Warnock: doctors ‘wicked’ to refuse assisted suicide

It is “genuinely wicked” for a doctor to refuse to help a terminally ill patient kill themselves, Baroness Warnock has said.

Speaking earlier this month at a debate in Belfast, Baroness Warnock asked: “What is the point of life at the last stages of Alzheimer’s or dementia?”

Fears were raised at the debate that allowing assisted suicide would turn doctors into executioners.

But Baroness Warnock said doctors have a “positive duty” to talk to patients with Alzheimer’s or dementia about what they want to do when their condition declines.

Last year Baroness Warnock prompted strong criticism when she suggested that elderly dementia sufferers have a ‘duty to die’.

She said: “If you’re demented, you’re wasting people’s lives – your family’s lives – and you’re wasting the resources of the National Health Service.”

In the recent Belfast debate she spoke of patients who make a written request to be killed when they reach a certain point in their illness, saying: “There are doctors, we know, who don’t pay any attention.

“But that seems to me a genuinely wicked thing to do – to disregard what somebody had quite explicitly said, that he wants to die – not to be resuscitated in certain circumstances and in certain circumstances to be helped to commit suicide.”

In the audience at the debate was Avril Robb, a solicitor and member of the Medical Legal Society, who cared for her parents through terminal illness.

“I do know that the last months were very precious.”

Commenting on the suggestion that assisted suicide should be legalised, she said: “I don’t know whether it means that if this law was ever brought in, you end up with the equivalent of an executioner”.

In her controversial comments last September, Baroness Warnock said: “I’m absolutely, fully in agreement with the argument that if pain is insufferable, then someone should be given help to die, but I feel there’s a wider argument that if somebody absolutely, desperately wants to die because they’re a burden to their family, or the state, then I think they too should be allowed to die.

“Actually I’ve just written an article called ‘A Duty to Die?’ for a Norwegian periodical. I wrote it really suggesting that there’s nothing wrong with feeling you ought to do so for the sake of others as well as yourself.”

But Neil Hunt, the chief executive of the Alzheimer’s Society, said at the time: “I am shocked and amazed that Baroness Warnock could disregard the value of the lives of people with dementia so callously.

“With the right care, a person can have good quality of life very late in to dementia. To suggest that people with dementia shouldn’t be entitled to that quality of life or that they should feel that they have some sort of duty to kill themselves is nothing short of barbaric.”

The British Medical Association is opposed to allowing doctors help patients to kill themselves. Dr George Fernie of the BMA recently said: “People when they have a debilitating illness that may end their life are extremely vulnerable, they’re at a fragile stage.

“And our worry is they’re going to contemplate ending their life when that really isn’t their wish.”

“You just don’t know what will happen”

In his book Against Physician Assisted Suicide, Dr David Jeffrey tells the story of a former army instructor who was being treated for terminal cancer and was determined to commit suicide.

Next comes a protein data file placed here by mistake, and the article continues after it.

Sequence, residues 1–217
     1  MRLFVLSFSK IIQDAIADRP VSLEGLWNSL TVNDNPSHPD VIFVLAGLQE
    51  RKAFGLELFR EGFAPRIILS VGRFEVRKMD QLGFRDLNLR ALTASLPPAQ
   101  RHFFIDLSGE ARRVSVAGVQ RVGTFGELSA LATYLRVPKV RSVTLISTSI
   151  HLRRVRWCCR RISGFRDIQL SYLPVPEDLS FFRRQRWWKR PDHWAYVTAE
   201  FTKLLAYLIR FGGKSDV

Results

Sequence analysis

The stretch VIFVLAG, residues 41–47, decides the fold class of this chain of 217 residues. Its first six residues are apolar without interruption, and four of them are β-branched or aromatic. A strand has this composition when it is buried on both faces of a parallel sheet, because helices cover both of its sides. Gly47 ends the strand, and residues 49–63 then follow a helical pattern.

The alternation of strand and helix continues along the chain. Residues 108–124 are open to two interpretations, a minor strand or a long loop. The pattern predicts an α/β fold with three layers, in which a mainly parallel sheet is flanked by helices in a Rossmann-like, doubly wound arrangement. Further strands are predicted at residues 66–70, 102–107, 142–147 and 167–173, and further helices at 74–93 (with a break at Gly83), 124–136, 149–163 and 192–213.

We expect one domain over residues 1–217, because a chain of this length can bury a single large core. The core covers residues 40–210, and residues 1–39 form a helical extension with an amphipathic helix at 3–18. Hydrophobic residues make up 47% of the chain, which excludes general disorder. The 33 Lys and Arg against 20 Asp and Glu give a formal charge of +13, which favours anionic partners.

After a discussion with the doctor, it emerged that he was missing the Army, and was subsequently taken to watch a passing-out parade of young recruits, where a party had been arranged in his honour.

“His life was transformed,” Dr Jeffrey said. “He had a purpose and his demeanour completely changed. He died two weeks later, comfortably. People’s lives always have that potential. Even in the midst of suffering there can be change.

“You just don’t know what will happen.”

“A different life”

The Times recently reported the story of Matt Hampson, a former rugby player who was paralysed from the neck down during training and now requires a ventilator to breathe.

With the help of carers and a custom-built house, he has been able to set up a website, is writing an autobiography and is the patron of a charity for disabled children called Special Effects.

He says: “I don’t live a bad life, I live a different life. I use my brain more than my brawn now. It has helped me become a more rounded person. I think about things more.

“I’ve had to grow up quite a bit and do things that most 23-year-olds don’t do.”

“I’m grateful I wasn’t allowed to end it all!”

Alison Davis is National Co-ordinator of No Less Human.

She was born with severe spina bifida, and is dependent on a wheelchair. She is often in extreme pain for hours at a time. She says that for many years she wanted to “end it all”.

“If euthanasia had been legal, I would certainly have requested it and I wouldn’t be here now,” she says.

But after several serious suicide attempts, blocked by the intervention of Alison’s friends, she began to change her mind.

Alison met the disabled children she had been sponsoring through a charity. The experience led her to think, for the first time in over ten years, “I think I want to live”.

She says: “I’ll always be grateful to the friends who saved my life (though I wasn’t at the time). And I’m especially thankful there was no possibility of persuading my doctors to legally help me die.”

She believes that disabled people “deserve the same kind of help routinely given to those who do not have a physical condition but who feel suicidal”.

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